This is the second post in a series on evangelistic preaching in Catholic contexts.
We left off in Part 1 having explored Church documents that reveal that preaching isn’t limited to Eucharistic homilies. This historical excursus (not part of the talk on which this series is based) points to just some of the settings where Catholic ministers have preached outside of the Mass.
Medieval Period (from the Harvard College Library)
In monasteries and religious houses, informal sermons and/or “Chapter talks” were often given daily and followed the biblical exegesis of patristic and monastic authors.
Preaching accompanied “religious rituals such as processions or serving to recruit crusaders, as in the sermons of the Cistercian abbot Bernard of Clairvaux (1090–1153), who preached the Second Crusade at Vézelay in 1147.” Additionally, “hermit monks such as John Buoni and Peter of the Morrone (1215–1296), better known as Pope Celestine V (1294), attracted crowds who came in search of healing and miracles, as well as to hear the preaching of a living saint.”
Franciscan and Dominican friars practiced open-air preaching, delivering sermons in city squares or village common spaces, for example: “Anthony of Padua (1195–1231) and Berthold of Regensburg (1220–1272) preached outside university settings, and contemporaneously, female lay penitents such as Rose of Viterbo and Margaret of Cortona were preaching and enacting the Passion in public places.”
Patristic Period (from Robert Taft’s “The Liturgy of the Hours in East and West” (1986))
Cathedral Vigils consisting of “cathedral psalmody (responsories and antiphons), lessons, prostrations for prayer followed by collects, and, often, preaching” existed in many locations and was notably present in 4th century Cappadocia, Milan, and North Africa (p. 2, 168, 175, 176).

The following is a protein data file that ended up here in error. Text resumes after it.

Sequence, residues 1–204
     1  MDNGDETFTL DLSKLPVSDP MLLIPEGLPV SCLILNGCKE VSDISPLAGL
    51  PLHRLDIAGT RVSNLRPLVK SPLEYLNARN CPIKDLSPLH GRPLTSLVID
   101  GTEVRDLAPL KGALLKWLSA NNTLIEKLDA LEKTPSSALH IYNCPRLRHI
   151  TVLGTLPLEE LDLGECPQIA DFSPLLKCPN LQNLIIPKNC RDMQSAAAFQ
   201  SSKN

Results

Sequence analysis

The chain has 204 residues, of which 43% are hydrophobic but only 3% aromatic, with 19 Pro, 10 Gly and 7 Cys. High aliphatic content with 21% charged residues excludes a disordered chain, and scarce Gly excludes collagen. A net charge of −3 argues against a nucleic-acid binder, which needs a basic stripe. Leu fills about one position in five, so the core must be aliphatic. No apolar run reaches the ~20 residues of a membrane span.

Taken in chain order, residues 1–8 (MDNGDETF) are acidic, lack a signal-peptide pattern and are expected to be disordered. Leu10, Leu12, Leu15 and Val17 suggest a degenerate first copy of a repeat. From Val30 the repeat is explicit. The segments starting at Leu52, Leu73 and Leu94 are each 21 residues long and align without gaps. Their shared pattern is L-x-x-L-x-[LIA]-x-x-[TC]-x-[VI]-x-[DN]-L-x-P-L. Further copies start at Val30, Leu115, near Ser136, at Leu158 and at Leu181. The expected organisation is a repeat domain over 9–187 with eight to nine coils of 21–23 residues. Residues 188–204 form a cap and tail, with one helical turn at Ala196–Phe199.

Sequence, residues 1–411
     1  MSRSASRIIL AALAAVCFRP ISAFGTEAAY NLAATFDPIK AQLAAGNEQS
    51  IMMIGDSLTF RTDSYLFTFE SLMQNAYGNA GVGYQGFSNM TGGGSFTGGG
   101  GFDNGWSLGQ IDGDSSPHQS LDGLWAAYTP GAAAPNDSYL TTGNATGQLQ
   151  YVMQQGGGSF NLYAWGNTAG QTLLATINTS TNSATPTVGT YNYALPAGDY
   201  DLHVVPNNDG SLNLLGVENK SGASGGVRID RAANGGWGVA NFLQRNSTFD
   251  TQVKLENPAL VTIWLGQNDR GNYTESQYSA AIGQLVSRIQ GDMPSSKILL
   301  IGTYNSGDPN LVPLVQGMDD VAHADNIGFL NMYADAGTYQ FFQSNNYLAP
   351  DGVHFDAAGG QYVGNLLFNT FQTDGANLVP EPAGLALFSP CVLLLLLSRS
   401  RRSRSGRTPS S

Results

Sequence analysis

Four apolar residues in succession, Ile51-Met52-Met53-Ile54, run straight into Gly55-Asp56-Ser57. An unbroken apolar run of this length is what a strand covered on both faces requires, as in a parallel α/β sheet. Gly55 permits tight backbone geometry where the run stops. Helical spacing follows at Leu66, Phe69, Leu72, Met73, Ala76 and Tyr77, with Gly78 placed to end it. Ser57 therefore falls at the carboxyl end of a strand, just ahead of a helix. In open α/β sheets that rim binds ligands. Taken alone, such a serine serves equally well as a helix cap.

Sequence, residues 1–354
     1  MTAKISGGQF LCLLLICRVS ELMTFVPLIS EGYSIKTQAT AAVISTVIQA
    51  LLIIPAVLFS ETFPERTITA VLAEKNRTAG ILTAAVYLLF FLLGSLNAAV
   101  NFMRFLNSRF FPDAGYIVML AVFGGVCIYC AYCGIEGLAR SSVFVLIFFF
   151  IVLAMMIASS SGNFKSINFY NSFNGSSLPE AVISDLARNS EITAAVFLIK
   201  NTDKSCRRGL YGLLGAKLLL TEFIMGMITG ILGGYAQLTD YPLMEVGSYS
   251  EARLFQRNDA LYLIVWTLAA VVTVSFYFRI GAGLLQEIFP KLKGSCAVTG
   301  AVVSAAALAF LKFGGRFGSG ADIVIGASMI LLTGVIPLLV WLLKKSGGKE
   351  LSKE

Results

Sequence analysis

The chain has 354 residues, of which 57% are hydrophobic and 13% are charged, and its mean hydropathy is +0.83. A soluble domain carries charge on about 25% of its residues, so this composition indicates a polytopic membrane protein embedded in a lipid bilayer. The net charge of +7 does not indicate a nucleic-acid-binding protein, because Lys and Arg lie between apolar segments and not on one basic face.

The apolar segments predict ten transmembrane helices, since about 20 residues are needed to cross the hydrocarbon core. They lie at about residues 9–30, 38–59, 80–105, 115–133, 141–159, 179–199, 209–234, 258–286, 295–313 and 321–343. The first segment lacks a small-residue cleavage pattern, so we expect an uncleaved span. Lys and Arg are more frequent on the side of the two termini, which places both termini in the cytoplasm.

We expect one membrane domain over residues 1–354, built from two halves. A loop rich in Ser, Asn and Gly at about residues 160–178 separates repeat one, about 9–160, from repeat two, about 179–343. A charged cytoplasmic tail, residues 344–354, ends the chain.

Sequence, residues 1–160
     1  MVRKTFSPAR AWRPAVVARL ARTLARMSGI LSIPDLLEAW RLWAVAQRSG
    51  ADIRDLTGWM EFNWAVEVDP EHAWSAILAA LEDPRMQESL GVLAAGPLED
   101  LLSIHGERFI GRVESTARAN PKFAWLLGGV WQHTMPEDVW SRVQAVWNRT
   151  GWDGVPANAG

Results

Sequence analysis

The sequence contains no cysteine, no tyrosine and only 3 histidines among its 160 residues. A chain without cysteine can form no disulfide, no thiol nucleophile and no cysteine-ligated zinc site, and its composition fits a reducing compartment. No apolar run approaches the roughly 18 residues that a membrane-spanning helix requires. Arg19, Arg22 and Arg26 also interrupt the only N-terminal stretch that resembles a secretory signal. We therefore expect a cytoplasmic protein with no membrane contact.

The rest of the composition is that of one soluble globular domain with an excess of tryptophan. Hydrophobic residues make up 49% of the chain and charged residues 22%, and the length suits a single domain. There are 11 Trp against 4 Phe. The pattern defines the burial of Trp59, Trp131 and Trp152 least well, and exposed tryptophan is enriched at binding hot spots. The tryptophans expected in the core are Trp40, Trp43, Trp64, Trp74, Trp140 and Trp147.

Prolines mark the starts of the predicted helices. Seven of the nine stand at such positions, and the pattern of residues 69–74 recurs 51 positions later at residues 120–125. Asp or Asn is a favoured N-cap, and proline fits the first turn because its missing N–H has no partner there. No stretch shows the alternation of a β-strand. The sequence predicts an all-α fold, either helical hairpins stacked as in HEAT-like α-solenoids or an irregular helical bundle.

Socrates of Constantinople (ca. 439-450) writes, “in Caesarea in Cappadocia and in Cyprus on Saturdays and Sundays, always in the evening at the lighting of the lambs (meta tes lychnapsias) the presbyters and bishops explain the Scriptures” (p. 39), pointing to preaching at weekend vespers services.
Caesarius of Arles (the Metropolitan of Arles from 503-542) in Gaul had homilies in vigils and at matins (p. 151-54). And, he didn’t just preach in perfunctory sense. 🙂 He tells us that he would begin Psalm 50 earlier “so that the office might not drag on beyond the usual time of dismissal lest the people be late for work” — talk about a practical guy! His outlook was that a service should start earlier so that there was enough time for preaching, rather than limiting the length of a sermon to fit an expected service schedule or expected duration.
Where can we find vigil preaching today? Taft explains, “the only sort of vigil that seems to have died out is the one that was most popular in Latin Church in Late Antiquity: the occasional vigil of psalmody, lessons, preaching, and prayers” with special importance paid to the “proclamation of the Word in the lections and homily.” “But the “Office of Readings” in the new Roman Liturgy of the Hours, when celebrated as a vigil, can be considered an attempt to restore something of this ancient, popular Latin night service.” (p. 190)
Formal Preaching Outside of Mass — Yes or No?
Yes! Based on current Church teaching and examples of faithful Catholics of previous eras we see that there are many forms and settings for preaching other than the Eucharist.